Parents always have to be thinking ahead. In life’s busyness (and I am incredibly overwhelmed at the moment), it’s so easy to focus on the urgent and lose sight of the big picture.

I’ve definitely been guilty of seasons of “fly by the seat of my pants” parenting. When I do that, I leave my kids unprepared to fight off the “viruses” -- in the form of worldly peer and cultural influences – that are always looking to infect their hearts and minds.

We can’t head off all the viruses, but we can do our best to immunize them by exposing them to God’s Word, training them to apply His wisdom to everyday situations, maintaining consistent boundaries and giving them unconditional love. Kids often don’t see the need for this “preparedness plan” -- they sometimes even fight it -- but one day, they’ll thank you.

As a parent, I can never forget that there’s a subtle enemy who’s always looking for a victim. And make no mistake about it: He’s most certainly a pig.

Keep and guard your heart with all vigilance and above all that you guard, for out of it flow the springs of life. Proverbs 4:23 (Amplified Bible)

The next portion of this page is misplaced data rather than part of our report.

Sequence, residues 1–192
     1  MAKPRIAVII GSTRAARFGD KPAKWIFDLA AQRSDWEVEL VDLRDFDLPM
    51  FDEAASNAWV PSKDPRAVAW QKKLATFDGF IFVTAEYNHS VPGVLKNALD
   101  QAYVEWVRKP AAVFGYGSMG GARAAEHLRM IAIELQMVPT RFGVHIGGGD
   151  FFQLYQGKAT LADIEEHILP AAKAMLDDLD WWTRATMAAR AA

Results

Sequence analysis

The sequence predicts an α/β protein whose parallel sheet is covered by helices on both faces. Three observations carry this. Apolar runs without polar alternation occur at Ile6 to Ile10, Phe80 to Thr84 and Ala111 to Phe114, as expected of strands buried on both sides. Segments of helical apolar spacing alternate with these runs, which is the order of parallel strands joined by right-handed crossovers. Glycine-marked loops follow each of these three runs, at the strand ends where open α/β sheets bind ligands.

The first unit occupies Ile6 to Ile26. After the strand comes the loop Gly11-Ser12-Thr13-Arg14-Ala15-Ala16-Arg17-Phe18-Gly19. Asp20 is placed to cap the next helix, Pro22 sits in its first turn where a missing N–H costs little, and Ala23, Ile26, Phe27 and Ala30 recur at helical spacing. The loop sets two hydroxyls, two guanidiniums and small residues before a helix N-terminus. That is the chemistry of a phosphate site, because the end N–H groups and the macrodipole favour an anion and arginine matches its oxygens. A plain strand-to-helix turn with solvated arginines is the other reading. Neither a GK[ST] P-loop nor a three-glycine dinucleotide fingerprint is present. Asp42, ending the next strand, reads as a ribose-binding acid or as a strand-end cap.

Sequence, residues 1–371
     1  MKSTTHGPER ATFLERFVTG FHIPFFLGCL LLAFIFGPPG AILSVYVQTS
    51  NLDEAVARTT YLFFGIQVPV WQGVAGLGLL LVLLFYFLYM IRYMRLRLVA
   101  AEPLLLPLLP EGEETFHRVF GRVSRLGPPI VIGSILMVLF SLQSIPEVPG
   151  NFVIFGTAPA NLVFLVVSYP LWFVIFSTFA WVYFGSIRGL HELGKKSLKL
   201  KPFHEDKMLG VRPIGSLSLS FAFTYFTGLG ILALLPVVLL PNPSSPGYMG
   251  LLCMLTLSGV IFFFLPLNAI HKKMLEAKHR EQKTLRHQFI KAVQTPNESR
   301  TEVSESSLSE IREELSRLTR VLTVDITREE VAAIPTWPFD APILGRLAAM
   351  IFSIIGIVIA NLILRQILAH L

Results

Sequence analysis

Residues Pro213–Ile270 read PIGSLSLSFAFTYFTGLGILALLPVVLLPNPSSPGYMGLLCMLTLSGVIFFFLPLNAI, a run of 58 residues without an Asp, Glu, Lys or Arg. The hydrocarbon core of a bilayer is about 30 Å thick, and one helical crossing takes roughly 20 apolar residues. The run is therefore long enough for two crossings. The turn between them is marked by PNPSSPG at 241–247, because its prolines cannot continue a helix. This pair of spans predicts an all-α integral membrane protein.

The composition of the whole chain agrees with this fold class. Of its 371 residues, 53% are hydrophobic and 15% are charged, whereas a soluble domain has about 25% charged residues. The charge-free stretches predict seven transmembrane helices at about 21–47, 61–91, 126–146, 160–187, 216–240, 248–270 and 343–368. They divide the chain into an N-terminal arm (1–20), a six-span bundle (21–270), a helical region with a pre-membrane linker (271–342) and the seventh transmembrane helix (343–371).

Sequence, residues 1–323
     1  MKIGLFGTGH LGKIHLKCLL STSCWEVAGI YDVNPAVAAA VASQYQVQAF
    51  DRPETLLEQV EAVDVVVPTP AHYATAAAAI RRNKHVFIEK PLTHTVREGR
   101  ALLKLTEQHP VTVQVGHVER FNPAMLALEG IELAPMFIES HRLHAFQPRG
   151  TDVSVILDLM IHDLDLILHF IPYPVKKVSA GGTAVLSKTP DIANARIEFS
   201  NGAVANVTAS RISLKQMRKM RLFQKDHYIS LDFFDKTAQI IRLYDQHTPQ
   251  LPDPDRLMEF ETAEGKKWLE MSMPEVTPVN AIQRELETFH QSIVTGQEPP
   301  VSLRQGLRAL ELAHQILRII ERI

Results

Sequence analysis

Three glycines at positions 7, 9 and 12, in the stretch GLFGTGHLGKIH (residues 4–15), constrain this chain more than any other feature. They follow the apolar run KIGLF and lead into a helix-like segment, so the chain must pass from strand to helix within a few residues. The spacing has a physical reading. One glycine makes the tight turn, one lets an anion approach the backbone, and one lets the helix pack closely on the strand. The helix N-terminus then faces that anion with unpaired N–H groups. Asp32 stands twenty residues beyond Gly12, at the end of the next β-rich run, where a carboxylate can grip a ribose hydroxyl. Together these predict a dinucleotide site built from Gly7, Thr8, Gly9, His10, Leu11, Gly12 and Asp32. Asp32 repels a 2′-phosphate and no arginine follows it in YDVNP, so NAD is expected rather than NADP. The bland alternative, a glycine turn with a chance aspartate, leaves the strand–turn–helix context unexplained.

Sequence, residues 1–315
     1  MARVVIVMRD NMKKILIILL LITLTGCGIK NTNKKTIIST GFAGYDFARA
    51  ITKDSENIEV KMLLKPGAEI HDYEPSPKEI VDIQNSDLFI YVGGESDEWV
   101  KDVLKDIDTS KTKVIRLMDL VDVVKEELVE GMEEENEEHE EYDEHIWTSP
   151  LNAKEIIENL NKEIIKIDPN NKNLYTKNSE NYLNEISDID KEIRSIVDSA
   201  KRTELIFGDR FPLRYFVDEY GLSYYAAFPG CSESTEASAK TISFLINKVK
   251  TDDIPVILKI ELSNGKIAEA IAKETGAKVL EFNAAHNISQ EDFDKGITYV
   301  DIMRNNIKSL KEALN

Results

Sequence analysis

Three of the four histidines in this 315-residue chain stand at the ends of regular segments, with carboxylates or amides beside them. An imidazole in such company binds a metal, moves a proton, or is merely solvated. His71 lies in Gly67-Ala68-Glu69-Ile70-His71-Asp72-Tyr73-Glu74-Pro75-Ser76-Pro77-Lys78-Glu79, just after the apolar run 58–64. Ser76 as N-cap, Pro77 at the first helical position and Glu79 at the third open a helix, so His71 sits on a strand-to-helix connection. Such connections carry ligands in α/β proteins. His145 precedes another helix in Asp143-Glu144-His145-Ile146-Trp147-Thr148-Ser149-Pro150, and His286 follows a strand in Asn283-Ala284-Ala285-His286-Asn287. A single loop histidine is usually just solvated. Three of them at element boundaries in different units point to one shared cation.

Friday, September 4, 2009

Operation Organization: Week Five Victories!

I came. I saw. I conquered the kitchen pantry.

What did you say? Yes, it was my Week Four goal, but a victory is a victory. Don't give me lip, soldiers, or I'll write you up for insubordination!

Alright, that's better.

So, do you want to see the spoils of war?

Kitchen pantry BEFORE:

Kitchen pantry AFTER:

So, how did your battles turn out this week, troops? Keep fighting!!

Okay, so here's the drill:

1.) Post your Week 6 Goal on your blog along with a link back to this post OR a link to my button in the right sidebar.

2.) Leave your link to your Week 6 Goal post via Mister Linky below.

3.) Visit as many of your fellow soldiers as possible to cheer them on!

4.) Post your Before and After photos on your blog anytime between now and next Friday!

Finally, the winner of this week's $10 Barnes and Nobles gift card is Amber! Be sure to visit her! Send me your email, Amber, and I'll send you your card. Rosario (last week's winner), I'm sorry I haven't sent yours yet, but I have not forgotten. You'll get it tonight! ;0)

Don't give up on me now, soldiers! The war is nearly won!

Wednesday, September 2, 2009

Tips for the Troops Week 5: The Gory Garage!


What? Oh, I'm fine. Really. That's just my normal reaction whenever I muster the courage to open my garage door.

It's my dirty little secret.

You can look around my home and come away with the impression that I have a somewhat "lived in" but generally organized home.